- Fleet - Tackling plastic pollution with the Ocean Saviour project


Tackling plastic pollution with the Ocean Saviour project

A discussion with Richard Roberts on the project designed to clear up the 12.7 million tonnes of plastic in the ocean…

Richard Roberts, CEO of, discusses the eco-venture.

With an estimated 12.7 million tonnes of plastic currently in the ocean, plastic pollution is at an all-time high. In the hope of tackling the issue, founders of Richard Roberts and Simon White have set up the Ocean Saviour project, with the aim of building the world’s first vessel to tackle this issue.

The concept behind the project is a 70m self-powering tri-deck vessel, purposefully engineered to “locate, retrieve and recycle plastic from the ocean to preserve one of our most valuable assets for future generations”. The vessel would be able to hold up to 64 crewmembers and is designed to collect five tonnes of plastic per day.

As keen scuba divers, Roberts and White were horrified by the dramatic increase in the amount of plastic they encountered in the ocean. In addition, the revelations in the BBC’s Blue Planet II documentary spurred them to act and create something that would help resolve this issue. “I’ve done beach cleans and found it heart-breaking,” comments Roberts. “I cannot see any more photos of a beautiful Albatross chick that is filling its guts up with plastic, so I decided that I wanted to do something slightly different.”

The pair collaborated with Ricky Smith, a superyacht designer based in Australia, to design a vessel that employs collection systems to draw in plastics and waste. The plastics are broken into smaller pieces, sorted and put into an on-board plasma gasification facility that destroys it completely. This process has minimal environmental impact and, furthermore, the product created out of this procedure is then used to fuel the ship, making it self-powering.

“Our idea is nothing new: we are scaling up little river skimmers, so the technology already exists,” explains Roberts. “It’s called a manta collector, which scoops plastic up into the main centre conveyor. Once that's on board, it's then chopped and milled and then fed directly into a plastic gasifier, blasted and turned into a synthetic gas, which is then cooled rapidly to get rid of the toxins and that is then used to power the vessel.”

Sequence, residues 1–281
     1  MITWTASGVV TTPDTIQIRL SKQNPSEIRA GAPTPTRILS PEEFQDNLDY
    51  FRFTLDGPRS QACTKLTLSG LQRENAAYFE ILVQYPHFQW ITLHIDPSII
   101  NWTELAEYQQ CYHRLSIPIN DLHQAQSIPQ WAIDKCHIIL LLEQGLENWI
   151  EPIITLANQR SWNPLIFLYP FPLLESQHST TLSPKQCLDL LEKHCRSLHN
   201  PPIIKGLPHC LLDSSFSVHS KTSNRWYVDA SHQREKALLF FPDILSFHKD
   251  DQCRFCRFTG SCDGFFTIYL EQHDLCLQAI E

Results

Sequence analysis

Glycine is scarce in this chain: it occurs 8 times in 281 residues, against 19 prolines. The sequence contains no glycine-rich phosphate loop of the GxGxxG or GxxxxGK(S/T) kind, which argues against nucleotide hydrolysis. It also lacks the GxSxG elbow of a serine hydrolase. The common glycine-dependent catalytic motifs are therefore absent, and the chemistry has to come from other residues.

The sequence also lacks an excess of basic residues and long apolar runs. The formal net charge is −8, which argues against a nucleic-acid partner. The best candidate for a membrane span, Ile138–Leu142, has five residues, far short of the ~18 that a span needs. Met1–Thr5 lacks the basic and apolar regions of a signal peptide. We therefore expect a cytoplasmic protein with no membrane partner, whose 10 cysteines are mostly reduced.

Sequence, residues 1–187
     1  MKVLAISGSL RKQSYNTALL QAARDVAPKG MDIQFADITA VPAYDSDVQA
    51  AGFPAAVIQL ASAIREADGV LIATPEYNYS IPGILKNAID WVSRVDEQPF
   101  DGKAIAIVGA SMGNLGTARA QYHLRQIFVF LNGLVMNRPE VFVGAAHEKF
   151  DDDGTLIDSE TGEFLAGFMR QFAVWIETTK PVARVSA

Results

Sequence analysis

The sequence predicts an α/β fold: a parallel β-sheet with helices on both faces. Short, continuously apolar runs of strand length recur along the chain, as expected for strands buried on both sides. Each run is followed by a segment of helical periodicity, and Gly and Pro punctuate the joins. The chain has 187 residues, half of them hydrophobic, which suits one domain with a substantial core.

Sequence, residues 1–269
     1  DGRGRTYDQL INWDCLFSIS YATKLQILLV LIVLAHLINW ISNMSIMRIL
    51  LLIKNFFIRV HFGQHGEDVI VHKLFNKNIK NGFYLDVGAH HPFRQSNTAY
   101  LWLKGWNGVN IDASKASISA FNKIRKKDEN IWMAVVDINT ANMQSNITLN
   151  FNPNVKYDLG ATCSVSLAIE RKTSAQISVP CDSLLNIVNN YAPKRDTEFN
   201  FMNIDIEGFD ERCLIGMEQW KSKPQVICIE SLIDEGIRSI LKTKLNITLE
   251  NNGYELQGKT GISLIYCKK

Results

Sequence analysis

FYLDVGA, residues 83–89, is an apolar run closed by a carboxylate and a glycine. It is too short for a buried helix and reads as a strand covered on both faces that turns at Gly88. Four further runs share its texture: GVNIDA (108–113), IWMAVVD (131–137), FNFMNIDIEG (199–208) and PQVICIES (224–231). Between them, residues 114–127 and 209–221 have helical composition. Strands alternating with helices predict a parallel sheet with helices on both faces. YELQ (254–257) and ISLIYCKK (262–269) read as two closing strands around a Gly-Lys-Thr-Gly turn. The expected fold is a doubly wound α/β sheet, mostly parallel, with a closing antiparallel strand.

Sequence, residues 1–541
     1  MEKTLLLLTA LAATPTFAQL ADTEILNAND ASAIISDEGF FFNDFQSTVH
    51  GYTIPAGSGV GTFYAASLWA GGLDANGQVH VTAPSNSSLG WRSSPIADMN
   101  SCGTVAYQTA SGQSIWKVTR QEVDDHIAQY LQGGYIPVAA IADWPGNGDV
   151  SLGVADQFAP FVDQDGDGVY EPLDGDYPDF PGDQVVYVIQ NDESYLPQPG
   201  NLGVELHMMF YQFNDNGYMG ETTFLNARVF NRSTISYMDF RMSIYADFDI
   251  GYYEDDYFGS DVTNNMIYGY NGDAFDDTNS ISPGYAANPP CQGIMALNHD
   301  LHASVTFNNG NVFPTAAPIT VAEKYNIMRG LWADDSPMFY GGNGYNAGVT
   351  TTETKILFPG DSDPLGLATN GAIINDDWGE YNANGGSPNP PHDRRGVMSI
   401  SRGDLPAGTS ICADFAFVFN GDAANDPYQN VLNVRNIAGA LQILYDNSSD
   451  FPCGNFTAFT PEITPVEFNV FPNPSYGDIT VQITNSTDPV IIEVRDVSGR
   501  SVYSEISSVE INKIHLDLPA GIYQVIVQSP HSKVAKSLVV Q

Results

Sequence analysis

“I cannot see any more photos of a beautiful Albatross chick that is filling its guts up with plastic, so I decided that I wanted to do something slightly different.”

The design team on the project recommended large-scale catamarans as the most economical and stable option on the water. The lower deck will be open plan and home to one of the main working areas: this entire deck is dedicated to plastic removal and industrial scale recycling.

Mid-deck there will be two 12m containers which will serve as research laboratory facilities or VIP accommodation and storage. The curved front windows, which are reflective of a superyacht design, serve a useful purpose in the way that they minimise the impact of rogue waves, green water and windage and offer maximum visibility for the crew. The third deck will be where the wheelhouse is located, as well as the main crew areas and helipad.

Ocean Saviour is currently focusing on fundraising, and has appointed The Marine Social Responsibility Consultancy to help deliver the project. The agency was launched with the specific aim of helping brands, companies and organisations to better connect with the issue of the world’s marine health. “By working closely with Ocean Saviour, we are going to do just this,” adds co-founder Matthew McKenna. “We will be actively looking for companies, brands and people to partner and invest in this critically important project to help rid the oceans and seas of plastic.”

The Ocean Saviour project is a step in the right direction towards resolving the massive issue of pollution in our ocean and we look forward to observing their progression.

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Tackling plastic pollution with the Ocean Saviour project


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